One of the questions I got in the Runners Aid Station was:
“Do I really need a fracture walking boot?”
This is a runner who went to the doctor, and was told, “You have extensor tenosynovitis. The best way to get it to calm down is to remove the inflammation and stop aggravating the tendons.”
If you get aching pain on the top of your foot, it might be caused by an irritated extensor tendon sheath (which is the little tube around the extensor tendons as it goes out to the toes on the top of the foot). If so, you might be thinking you need something drastic to stop the tendons from moving so it can calm down.
Do I need a fracture walking boot for extensor tenosynovitis?
Well, that’s what we’re talking about today, on the Doc On The Run podcast.View Details »
If you get pain on the top of the foot when you’re running you might discover you have a painful condition called extensor tenosynovitis.
“Tenosynovitis” just means you have irritation and inflammation within the tendon sheath, or the little tube that surrounds the extensor tendons that fan out toward the toes on the top of the foot.
There are really 2 keys to calming the tendon sheath. You have to decrease the inflammation with the tendon sheath. But you also have to stop irritating the swollen tissue inside the tendon sheath. The easiest way to stop that irritation when you run is to stop putting pressure right on that irritated spot.
Today on the Doc On The Run podcast, we’re talking about how to lace your running shoes when you have extensor tenosynovitis.View Details »
What are the three best ways to diagnose extensor tenosynovitis in runners? Well, it’s pretty simple. They’re really three ways that I think are effective and they can work, all of them. It’s not necessarily true that one is better than another, but they all three can work. Today on the Doc On The Run podcast, we’re talking about something really simple, it’s the three best methods for diagnosing extensor tenosynovitis in runners.View Details »
Extensor tenosynovitis is one of the running injuries doctors don’t often talk about simply because it’s a relatively rare condition.
But extensor tenosynovitis can be really painful when running.
Sometimes it’s actually misdiagnosed as a stress fracture, both by doctors or by the runners themselves.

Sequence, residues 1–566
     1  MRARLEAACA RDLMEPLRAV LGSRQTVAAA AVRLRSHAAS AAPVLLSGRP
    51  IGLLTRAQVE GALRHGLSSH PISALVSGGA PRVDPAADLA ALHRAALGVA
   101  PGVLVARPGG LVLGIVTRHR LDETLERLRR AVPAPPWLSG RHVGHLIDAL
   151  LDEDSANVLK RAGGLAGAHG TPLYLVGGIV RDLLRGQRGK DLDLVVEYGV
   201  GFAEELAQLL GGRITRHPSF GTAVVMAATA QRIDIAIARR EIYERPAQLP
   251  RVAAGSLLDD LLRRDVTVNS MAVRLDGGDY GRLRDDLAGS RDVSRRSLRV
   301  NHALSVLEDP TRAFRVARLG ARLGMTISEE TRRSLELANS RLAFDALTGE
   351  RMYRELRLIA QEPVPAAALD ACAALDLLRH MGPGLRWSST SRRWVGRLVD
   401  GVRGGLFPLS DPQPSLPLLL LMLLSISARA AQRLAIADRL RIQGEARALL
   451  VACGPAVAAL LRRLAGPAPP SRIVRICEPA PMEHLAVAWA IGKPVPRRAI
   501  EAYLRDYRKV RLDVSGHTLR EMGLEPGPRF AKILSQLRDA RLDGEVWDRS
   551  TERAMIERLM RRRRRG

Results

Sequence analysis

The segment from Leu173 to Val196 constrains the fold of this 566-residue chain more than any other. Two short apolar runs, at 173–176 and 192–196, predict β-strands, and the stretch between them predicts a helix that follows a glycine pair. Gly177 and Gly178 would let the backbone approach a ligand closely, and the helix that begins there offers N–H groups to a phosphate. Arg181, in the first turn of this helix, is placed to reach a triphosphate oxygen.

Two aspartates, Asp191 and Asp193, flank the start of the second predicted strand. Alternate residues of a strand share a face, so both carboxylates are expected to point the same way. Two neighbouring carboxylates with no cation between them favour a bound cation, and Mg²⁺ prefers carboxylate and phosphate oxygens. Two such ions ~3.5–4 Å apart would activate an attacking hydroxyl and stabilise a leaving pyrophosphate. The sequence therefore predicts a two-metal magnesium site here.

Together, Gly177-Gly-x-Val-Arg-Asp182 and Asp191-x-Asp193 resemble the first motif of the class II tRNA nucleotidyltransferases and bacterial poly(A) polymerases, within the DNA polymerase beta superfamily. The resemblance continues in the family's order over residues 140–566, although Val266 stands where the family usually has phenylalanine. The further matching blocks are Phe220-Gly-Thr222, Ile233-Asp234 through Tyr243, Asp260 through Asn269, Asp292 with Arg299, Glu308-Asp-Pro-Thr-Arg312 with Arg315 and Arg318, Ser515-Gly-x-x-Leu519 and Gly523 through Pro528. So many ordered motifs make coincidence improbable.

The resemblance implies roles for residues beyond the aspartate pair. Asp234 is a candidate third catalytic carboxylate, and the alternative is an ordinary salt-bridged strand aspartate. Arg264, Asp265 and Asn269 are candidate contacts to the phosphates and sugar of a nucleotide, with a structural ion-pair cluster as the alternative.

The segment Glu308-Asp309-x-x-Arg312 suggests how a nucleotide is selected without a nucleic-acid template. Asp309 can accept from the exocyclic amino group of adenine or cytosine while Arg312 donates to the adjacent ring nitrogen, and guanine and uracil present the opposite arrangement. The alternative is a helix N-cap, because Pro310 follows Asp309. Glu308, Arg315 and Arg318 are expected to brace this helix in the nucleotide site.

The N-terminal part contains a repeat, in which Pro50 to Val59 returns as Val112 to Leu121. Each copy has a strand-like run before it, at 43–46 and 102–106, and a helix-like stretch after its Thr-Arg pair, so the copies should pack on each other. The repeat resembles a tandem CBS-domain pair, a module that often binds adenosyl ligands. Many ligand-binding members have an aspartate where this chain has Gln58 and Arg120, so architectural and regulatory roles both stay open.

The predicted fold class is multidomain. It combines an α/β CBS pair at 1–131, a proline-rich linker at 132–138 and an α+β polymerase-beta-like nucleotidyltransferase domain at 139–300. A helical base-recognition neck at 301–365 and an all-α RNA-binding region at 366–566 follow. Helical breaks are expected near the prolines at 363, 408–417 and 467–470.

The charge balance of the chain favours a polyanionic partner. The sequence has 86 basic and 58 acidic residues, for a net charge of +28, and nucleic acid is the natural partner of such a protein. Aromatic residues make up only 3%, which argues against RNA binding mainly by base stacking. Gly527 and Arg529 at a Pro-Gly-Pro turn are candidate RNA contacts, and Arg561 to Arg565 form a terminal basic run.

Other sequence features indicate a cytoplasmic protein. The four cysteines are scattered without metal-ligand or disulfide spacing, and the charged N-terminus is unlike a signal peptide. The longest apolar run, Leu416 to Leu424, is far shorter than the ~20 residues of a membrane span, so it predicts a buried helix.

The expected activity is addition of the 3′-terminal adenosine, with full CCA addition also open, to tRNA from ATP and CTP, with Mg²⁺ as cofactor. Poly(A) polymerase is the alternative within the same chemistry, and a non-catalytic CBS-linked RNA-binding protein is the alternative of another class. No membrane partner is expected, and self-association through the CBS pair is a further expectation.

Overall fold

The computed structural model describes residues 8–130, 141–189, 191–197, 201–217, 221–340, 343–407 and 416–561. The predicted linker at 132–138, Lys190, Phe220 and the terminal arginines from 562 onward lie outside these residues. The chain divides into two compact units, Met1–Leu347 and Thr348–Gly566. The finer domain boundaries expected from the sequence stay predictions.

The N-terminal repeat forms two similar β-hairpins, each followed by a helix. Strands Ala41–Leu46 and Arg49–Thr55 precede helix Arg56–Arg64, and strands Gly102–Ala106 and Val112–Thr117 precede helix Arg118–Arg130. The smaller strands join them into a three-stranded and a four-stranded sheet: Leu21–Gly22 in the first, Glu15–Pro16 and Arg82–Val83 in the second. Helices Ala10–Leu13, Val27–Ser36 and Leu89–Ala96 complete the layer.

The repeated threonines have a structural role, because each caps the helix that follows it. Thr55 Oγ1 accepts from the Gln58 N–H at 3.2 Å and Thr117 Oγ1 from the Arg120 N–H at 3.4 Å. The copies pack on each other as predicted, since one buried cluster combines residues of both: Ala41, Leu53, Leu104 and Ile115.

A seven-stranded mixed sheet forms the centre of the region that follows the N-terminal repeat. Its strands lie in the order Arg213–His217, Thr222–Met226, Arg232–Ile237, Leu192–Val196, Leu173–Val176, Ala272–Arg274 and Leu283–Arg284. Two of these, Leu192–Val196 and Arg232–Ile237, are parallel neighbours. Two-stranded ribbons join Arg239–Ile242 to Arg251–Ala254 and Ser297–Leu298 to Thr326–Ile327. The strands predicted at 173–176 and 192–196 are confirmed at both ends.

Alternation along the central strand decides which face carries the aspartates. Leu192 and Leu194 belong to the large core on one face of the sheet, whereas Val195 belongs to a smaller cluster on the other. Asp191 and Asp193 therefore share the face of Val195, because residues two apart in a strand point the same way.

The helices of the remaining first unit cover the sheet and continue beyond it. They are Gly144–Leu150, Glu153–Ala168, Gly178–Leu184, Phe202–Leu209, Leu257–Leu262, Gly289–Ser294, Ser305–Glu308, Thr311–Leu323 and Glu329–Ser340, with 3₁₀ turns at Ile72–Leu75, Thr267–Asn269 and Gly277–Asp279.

Any misdiagnosis can force you to take time off of running unnecessarily.
Today on the Doc On The Run Podcast, we’re talking about three foot types that are prone to extensor tenosynovitis.View Details »
Earlier today I was talking with a runner who felt some pain in her foot during a run yesterday. So she got worried she might have a metatarsal stress fracture in her foot. So she booked a consultation call and we had a discussion on the phone about the possibilities.
Here is what she asked:
“I had an aching pain for a few steps during my run today is that a stress fracture? The aching pain was on the top of my foot for a few steps today…I want to know if it could be a stress fracture?”
So I thought it might be useful to talk about some of the questions I asked her to help figure out whether or not her foot pain might actually be a metatarsal stress fracture, or something else.
Today on the Doc On The Run podcast were talking about questions that make a stress fracture more, or less likely in a runner.View Details »
A metatarsal stress fracture, is probably one of the most common running injuries that you could get when you’re training for a long distance event like a marathon, or an ultra marathon or if you’re relatively new to running.
But the problem, of course, is that not all running injuries that seem like stress fractures are actually stress fractures.
Today on the Doc On the Run Podcast, we’re talking about the top 3 conditions misdiagnosed as a stress fracture in a runner.View Details »
Subscribe: iTunes | Android Today on the Doc On The Run podcast we’re talking about Extensor Tenosynovitis. Extensor Tenosynovitis The first thing is what exactly does that mean? All these medical terms you hear like extensor tenosynovitis, they all sound very long and they sound very technical or important but I think that’s because […]View Details »